of the Canadian National Anthem superimposed over a chorus of croaking tree
frogs (oh, Canada indeed!). And then dove head-first into a near hour's worth
of true, Yanovskized dementia. Classic maul-overs of Little Bitty Pretty One
and You Talk Too Much, plus a six-minute-plus tone poem entitled Lt.
Schtinckhausen, complete with stereophonic storm-troopers.
1971 re-release of this monumental long-player also included Zal's non-hit
single from the Summer of Love, As Long As You're Here, written by that
ace songwriting duo hot off a couple of Turtles chart-toppers, Gary Bonner and
Alan Gordon. One of the era's
sillier seven-inch single slices of surrealism, the original vinyl disc included
the entire A-side re-spooled BACKWARDS on the flip side.
always was the living, strumming embodiment of any Top Forty funny-farm you?d
care to inhabit. "Is it a
hiiiiiit, or a misssssss?" a chorus-from-hell wailed over and over as the
song faded. Well, both single and album WERE unmitigated misses, it's tragic
smarting over his recent drug-bust-induced departure from the Spoonful, our hero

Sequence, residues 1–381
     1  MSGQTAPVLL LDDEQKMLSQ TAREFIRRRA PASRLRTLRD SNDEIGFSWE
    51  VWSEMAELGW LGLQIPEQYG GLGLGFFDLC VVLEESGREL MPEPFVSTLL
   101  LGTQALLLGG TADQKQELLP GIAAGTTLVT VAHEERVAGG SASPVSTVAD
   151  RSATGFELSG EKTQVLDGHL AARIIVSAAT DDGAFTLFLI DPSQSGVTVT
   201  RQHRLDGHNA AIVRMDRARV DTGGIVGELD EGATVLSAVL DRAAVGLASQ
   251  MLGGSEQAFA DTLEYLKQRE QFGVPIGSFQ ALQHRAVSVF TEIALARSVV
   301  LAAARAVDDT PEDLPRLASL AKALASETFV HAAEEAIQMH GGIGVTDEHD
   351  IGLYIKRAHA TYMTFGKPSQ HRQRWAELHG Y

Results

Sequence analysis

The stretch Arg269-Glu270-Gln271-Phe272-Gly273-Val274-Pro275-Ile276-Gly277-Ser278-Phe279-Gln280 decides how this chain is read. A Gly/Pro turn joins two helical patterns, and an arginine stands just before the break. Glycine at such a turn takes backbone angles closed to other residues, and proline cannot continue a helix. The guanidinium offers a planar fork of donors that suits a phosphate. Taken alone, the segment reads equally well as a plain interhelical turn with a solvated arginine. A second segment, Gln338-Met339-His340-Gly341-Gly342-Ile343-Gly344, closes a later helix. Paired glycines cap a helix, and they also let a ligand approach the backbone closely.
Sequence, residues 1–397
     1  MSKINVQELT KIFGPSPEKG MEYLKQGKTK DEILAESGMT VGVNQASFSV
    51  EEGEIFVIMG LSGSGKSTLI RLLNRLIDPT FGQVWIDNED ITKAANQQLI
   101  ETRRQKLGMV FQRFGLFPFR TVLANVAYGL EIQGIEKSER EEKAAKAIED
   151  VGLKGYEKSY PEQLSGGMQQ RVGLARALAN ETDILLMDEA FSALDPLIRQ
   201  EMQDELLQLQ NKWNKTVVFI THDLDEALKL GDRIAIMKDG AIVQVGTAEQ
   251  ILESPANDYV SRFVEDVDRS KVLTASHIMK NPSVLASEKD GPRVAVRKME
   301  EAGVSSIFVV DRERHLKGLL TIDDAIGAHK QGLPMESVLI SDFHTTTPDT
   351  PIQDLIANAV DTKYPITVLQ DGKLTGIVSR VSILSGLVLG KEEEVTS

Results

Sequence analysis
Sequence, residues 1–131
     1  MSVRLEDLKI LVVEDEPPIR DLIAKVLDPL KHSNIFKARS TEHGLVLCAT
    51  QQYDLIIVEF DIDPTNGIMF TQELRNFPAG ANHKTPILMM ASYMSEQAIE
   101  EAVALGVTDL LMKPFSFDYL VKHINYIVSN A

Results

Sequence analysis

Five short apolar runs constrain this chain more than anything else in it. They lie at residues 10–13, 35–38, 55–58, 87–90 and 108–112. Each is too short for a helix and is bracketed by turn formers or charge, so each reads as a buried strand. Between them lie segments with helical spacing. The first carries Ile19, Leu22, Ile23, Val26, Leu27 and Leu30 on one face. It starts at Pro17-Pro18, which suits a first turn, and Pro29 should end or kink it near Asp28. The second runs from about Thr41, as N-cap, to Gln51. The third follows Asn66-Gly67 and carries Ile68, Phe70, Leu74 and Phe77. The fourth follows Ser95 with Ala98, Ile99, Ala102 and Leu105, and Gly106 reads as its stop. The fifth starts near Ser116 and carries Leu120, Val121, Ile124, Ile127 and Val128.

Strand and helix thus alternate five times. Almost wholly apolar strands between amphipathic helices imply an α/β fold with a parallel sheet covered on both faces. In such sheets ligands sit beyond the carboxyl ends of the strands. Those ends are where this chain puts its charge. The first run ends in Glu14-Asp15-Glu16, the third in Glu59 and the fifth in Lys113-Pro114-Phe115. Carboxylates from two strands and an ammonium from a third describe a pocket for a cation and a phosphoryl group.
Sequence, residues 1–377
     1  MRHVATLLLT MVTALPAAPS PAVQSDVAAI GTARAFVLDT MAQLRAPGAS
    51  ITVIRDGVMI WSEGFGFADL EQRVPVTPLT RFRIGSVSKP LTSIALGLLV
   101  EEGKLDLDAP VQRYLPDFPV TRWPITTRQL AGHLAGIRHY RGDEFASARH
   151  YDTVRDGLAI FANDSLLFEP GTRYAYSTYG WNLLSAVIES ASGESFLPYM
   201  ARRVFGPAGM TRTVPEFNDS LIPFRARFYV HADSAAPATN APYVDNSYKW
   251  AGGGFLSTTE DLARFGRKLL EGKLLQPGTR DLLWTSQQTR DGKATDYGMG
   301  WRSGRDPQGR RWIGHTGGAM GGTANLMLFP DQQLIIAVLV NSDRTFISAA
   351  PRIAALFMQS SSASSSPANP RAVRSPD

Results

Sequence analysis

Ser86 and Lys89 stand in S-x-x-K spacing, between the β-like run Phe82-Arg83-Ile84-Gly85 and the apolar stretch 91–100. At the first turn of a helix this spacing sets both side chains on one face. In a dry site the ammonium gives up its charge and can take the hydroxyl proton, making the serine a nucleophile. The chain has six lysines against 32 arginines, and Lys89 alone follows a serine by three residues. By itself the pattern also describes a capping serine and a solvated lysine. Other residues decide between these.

was obliged to pen his very OWN review of Argentina for the Toronto Daily
bust happened when Zal and Steve were popped holding the goods. The Feds
threatened to deport Zal if he didn't identify his dealer and so Zally
snitched. He was sent packin? straight back to the Great Wide North anyway,
because everybody knows you can't trust the feds. Or Rolling Stone,
either. The Magazine sanctioned the ensuing boycott of all things S-ful. But
alas, despite Sebastian swathing himself head-to-toe in tie-dye at the Woodstock
fest, the band's hip(py) factor was irrevocably doomed and Yanovsky's name
especially remained Bay Area mud for the remainder of that flowered era.
"The band was like a marriage with four people in it," he
later recalled. "As I look back,
I opened the door and they kicked me out." No longer a Lovin?
anything, Zal next tried a couple of things
with Tim Buckley and Kris Kristofferson and then unceremoniously hung up his
guitar almost for good. By the Seventies, he found himself BEHIND the lens for a
change, producing a Canadian afternoon court-TV semi-reality series called Magistrate's
Court before appearing as the petulantly potty-mouthed voice-of-reason